Although capital punishment was frequently used in the old state of Rhodesia for murder and “political” crimes, it was thought that it would be abandoned when black rule emerged and the country was renamed Zimbabwe in 1980. The new president, Canaan Banana, was a pro-abolitionist, but on Thursday, September 30th, 1982, he allowed two murderers to hang in Harare Prison.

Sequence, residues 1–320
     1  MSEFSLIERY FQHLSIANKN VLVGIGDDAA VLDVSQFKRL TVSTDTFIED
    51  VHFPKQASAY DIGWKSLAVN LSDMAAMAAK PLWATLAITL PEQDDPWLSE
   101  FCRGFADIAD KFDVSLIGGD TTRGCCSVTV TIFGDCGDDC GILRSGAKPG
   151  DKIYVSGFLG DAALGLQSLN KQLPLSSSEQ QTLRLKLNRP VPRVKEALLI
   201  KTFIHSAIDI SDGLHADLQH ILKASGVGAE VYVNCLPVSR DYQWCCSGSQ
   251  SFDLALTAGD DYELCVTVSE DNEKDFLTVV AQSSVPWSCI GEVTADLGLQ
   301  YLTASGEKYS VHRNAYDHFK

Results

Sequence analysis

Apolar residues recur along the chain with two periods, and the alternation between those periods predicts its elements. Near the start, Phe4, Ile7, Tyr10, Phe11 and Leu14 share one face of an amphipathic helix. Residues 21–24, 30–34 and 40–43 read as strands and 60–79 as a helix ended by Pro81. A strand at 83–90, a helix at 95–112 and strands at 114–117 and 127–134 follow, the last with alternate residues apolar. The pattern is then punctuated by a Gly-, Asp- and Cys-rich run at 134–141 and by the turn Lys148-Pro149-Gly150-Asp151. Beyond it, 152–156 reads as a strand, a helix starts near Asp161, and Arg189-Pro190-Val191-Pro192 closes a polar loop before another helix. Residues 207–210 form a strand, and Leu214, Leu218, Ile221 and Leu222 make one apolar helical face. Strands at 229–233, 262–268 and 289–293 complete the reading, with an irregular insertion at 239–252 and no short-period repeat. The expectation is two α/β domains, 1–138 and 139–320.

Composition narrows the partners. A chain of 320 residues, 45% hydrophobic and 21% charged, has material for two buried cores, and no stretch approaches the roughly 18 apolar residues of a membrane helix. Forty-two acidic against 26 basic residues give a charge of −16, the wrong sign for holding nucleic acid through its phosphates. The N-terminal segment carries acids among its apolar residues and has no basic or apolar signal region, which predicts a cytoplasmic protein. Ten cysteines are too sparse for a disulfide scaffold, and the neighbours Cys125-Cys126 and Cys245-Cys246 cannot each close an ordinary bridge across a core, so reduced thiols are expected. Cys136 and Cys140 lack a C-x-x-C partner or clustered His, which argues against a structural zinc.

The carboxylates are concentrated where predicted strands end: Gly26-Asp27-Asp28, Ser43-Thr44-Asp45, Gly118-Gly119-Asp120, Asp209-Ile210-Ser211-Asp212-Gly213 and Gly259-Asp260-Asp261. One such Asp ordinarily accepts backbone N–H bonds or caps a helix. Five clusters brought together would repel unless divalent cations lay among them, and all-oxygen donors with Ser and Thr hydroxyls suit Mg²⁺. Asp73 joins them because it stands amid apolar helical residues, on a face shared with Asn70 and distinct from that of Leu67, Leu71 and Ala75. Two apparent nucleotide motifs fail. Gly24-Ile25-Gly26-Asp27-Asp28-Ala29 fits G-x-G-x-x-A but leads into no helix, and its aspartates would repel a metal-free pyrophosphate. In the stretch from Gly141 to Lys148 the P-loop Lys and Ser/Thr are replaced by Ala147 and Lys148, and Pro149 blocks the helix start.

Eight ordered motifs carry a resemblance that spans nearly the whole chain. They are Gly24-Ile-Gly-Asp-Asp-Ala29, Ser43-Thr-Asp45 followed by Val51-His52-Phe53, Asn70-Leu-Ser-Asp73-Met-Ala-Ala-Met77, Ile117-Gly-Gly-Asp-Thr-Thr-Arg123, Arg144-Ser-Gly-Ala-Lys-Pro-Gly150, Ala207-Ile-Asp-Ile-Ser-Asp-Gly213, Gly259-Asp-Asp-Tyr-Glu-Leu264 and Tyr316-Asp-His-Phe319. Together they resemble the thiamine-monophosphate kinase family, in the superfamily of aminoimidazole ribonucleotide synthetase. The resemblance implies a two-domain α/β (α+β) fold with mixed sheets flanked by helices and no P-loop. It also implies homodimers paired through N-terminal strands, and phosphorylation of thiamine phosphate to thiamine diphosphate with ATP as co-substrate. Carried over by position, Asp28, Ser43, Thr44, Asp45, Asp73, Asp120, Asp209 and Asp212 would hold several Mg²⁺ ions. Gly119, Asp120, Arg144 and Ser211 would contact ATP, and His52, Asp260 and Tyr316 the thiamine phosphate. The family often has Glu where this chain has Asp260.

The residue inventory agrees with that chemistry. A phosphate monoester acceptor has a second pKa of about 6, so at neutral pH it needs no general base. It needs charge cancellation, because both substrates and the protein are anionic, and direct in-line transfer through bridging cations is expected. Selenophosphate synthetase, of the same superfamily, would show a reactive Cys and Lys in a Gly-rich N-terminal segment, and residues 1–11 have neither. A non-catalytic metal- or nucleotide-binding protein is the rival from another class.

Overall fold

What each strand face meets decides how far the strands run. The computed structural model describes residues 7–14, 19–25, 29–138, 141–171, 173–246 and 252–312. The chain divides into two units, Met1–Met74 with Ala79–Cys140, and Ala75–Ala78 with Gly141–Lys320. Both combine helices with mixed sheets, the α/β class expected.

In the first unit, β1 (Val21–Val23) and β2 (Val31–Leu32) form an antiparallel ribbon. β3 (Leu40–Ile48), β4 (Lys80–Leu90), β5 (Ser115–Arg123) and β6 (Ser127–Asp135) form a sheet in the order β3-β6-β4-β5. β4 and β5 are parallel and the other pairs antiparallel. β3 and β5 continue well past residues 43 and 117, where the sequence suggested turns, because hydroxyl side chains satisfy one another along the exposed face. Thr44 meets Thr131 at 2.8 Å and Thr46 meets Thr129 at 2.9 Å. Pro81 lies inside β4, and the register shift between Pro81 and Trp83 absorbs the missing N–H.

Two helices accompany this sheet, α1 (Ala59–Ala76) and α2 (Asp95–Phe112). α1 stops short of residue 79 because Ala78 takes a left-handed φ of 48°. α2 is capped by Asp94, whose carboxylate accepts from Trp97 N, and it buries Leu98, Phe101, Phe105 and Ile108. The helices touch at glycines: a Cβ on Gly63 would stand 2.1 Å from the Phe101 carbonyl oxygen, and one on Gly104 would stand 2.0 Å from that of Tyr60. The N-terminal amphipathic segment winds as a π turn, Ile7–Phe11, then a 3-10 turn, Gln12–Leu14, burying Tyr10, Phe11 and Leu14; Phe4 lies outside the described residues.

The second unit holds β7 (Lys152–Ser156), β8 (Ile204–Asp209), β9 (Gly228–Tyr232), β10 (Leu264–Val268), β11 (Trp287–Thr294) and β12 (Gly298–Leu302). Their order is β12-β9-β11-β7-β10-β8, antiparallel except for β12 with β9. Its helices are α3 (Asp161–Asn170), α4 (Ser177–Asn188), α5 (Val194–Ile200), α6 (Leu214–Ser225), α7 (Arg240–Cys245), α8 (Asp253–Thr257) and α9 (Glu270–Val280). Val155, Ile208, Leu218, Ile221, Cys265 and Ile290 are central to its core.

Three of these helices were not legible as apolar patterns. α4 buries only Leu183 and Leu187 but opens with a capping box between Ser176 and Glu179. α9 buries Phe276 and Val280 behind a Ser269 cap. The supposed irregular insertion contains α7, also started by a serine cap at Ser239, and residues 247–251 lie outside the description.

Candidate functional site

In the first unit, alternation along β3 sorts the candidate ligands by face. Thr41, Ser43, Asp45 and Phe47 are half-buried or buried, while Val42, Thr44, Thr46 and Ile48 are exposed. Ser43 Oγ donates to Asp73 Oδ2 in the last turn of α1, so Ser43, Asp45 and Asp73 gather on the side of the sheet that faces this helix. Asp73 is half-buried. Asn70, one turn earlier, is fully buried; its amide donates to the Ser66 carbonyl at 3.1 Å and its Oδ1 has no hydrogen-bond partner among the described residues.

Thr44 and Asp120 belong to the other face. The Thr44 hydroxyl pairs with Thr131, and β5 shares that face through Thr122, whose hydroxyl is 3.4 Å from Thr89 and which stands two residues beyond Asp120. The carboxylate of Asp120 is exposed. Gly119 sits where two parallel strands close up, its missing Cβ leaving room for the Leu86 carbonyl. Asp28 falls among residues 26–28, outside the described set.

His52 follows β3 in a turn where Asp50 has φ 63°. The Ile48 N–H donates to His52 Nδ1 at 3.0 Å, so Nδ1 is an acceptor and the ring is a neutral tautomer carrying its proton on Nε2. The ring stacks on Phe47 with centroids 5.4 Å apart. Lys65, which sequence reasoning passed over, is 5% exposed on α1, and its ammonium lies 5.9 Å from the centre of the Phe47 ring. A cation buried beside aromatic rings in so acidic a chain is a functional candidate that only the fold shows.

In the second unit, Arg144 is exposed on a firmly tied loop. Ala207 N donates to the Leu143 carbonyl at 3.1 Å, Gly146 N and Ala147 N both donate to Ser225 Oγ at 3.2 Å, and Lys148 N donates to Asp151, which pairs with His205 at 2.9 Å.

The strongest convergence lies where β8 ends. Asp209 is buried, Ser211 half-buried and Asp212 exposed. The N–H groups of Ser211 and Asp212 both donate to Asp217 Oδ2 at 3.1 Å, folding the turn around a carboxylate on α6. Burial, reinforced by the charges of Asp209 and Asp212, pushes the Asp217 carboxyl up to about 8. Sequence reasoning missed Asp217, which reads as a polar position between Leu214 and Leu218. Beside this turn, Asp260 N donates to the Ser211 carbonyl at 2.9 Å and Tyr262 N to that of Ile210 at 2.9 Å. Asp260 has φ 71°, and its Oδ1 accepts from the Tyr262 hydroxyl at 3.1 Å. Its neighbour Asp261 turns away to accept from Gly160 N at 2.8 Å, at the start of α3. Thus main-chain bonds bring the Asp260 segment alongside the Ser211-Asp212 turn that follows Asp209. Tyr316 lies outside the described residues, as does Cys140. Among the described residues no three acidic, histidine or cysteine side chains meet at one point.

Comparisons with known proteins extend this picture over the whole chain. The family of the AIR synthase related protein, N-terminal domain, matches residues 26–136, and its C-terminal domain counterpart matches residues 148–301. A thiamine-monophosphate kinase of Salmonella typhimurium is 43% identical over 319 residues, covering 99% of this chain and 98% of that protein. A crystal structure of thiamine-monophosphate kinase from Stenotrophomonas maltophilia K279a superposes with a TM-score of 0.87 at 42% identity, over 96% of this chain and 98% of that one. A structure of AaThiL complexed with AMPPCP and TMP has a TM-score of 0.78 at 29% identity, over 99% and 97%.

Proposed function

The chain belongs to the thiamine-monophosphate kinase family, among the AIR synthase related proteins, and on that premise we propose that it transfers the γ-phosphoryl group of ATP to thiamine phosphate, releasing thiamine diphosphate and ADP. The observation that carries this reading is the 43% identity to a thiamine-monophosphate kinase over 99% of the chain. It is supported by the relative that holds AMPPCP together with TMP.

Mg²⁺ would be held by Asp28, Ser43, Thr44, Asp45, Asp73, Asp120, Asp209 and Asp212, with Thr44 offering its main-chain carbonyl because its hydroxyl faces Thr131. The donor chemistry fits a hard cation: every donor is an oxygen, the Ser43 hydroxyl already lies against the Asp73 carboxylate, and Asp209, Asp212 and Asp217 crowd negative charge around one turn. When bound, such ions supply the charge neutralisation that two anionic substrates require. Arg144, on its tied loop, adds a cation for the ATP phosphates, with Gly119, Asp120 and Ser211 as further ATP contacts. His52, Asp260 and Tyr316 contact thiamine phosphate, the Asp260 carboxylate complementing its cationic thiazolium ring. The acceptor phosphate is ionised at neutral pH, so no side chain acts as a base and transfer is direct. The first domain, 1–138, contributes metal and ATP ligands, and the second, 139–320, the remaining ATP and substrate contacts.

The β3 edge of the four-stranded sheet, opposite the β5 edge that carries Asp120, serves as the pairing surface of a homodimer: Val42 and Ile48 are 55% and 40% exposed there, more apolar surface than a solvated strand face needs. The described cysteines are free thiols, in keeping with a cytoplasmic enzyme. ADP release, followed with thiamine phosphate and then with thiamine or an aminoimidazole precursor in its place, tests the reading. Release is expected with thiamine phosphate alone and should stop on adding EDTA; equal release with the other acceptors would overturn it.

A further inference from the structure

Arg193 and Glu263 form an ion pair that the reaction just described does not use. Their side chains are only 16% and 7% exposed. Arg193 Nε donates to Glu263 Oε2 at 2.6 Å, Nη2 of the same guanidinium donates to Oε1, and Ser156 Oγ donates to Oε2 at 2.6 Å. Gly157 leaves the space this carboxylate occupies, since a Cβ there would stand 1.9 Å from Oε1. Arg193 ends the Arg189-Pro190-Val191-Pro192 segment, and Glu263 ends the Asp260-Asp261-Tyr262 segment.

The executions were regarded as “political” in that they might serve as a warning to dissidents planning to threaten the new regime.

Samuel Mahahe was an army deserter who was convicted of murder, robbery and rape in 1981. Stephen Nare was convicted of two murders in 1980, including that of a policeman. He was also a member of a gang which intimidated supporters of the ruling Zanu party.